diabeticsAmong the serious complications of diabetes for some 130 million individuals worldwide is diabetic neuropathy, a type of nerve damage associated with foot ulcers resulting from anatomical deformation, excessive pressure and poor blood supply. This condition is the leading cause of amputation.

Though regular checkups are helpful in monitoring pressure and ulceration, the ideal scenario would be to stop ulcers from developing in the first place.

Members of the BioDesign: Medical Innovation program,  created by the Hebrew University of Jerusalem and its affiliated Hadassah Medical Center, recently introduced their answer to the problem: SenseGO, a machine-washable sock containing dozens of micro-fabricated pressure sensors.

When a person with diabetes wears SenseGO socks, changes in pressure due to incorrect posture, anatomical deformation or ill-fitting shoes are registered as electrical signals that are relayed to a smartphone app, which in turn informs the wearer of developing risk.

“This is a significant medical problem that affects the lives of millions. We thought there must be a way to avoid these wounds altogether,” said Danny Bavli, the group’s lead engineer.

Students at the Hebrew University’s BioDesign program paired pressure-sensing socks with smartphones to reduce foot ulcers in diabetic patients. Photo courtesy of Hebrew University of Jerusalem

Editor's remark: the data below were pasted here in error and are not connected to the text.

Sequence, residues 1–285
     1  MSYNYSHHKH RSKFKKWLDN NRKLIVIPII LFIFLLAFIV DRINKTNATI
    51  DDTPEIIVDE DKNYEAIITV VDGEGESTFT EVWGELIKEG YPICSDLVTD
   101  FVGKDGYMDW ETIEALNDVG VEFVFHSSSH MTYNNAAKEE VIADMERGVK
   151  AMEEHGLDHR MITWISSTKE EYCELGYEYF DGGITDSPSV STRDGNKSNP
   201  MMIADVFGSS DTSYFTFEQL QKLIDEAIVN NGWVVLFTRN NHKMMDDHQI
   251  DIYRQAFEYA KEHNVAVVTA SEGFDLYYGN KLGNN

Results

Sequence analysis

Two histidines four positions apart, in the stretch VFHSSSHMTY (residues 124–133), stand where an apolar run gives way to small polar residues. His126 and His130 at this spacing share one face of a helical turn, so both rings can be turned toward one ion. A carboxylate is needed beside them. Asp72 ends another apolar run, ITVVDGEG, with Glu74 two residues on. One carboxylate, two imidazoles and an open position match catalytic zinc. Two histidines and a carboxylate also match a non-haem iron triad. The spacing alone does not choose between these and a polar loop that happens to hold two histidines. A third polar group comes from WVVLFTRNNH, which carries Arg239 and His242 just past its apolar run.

Bavli partnered with Sagi Frishman and Dr. David Morgenstern, a leading orthopedic surgeon at Hadassah Medical Center, to develop SenseGO. MBA students Inbal Boxerman and Yael Hadar also worked with the team.

“This is a classic mobile health approach,” said Prof. Yaakov Nahmias, BioDesign program director. “By giving patients and their families the tools they need to prevent the development of ulcers, we can dramatically reduce healthcare costs related to diabetes.”

Those costs are estimated at $10 billion in the United States alone. The cost in human suffering is incalculable.
“We are looking for interested investors to help develop the product further,” Nahmias tells ISRAEL21c. “We are facing stiff competition from a similar project in Germany.”

In general, medical devices take three or four years to reach the market, he adds.

BioDesign: Medical Innovation is a multidisciplinary, team-based approach to medical innovation. Sponsored by Boston Scientific and the Terumo Medical Corporation, the program takes outstanding medical fellows, bioengineering and business graduate students, and tutors them in the science and practice of bringing a medical innovation to the market.

The program is led by Nahmias, who also directs the Alexander Grass Center for Bioengineering at the Hebrew University of Jerusalem; and Prof. Chaim Lotan, director of the Heart Institute at Hadassah Medical Center.

Innovations produced by BioDesign  program participants are commercialized by Yissum, the technology transfer company of the Hebrew University of Jerusalem, and Hadasit, the technology transfer company of Hadassah Medical Center.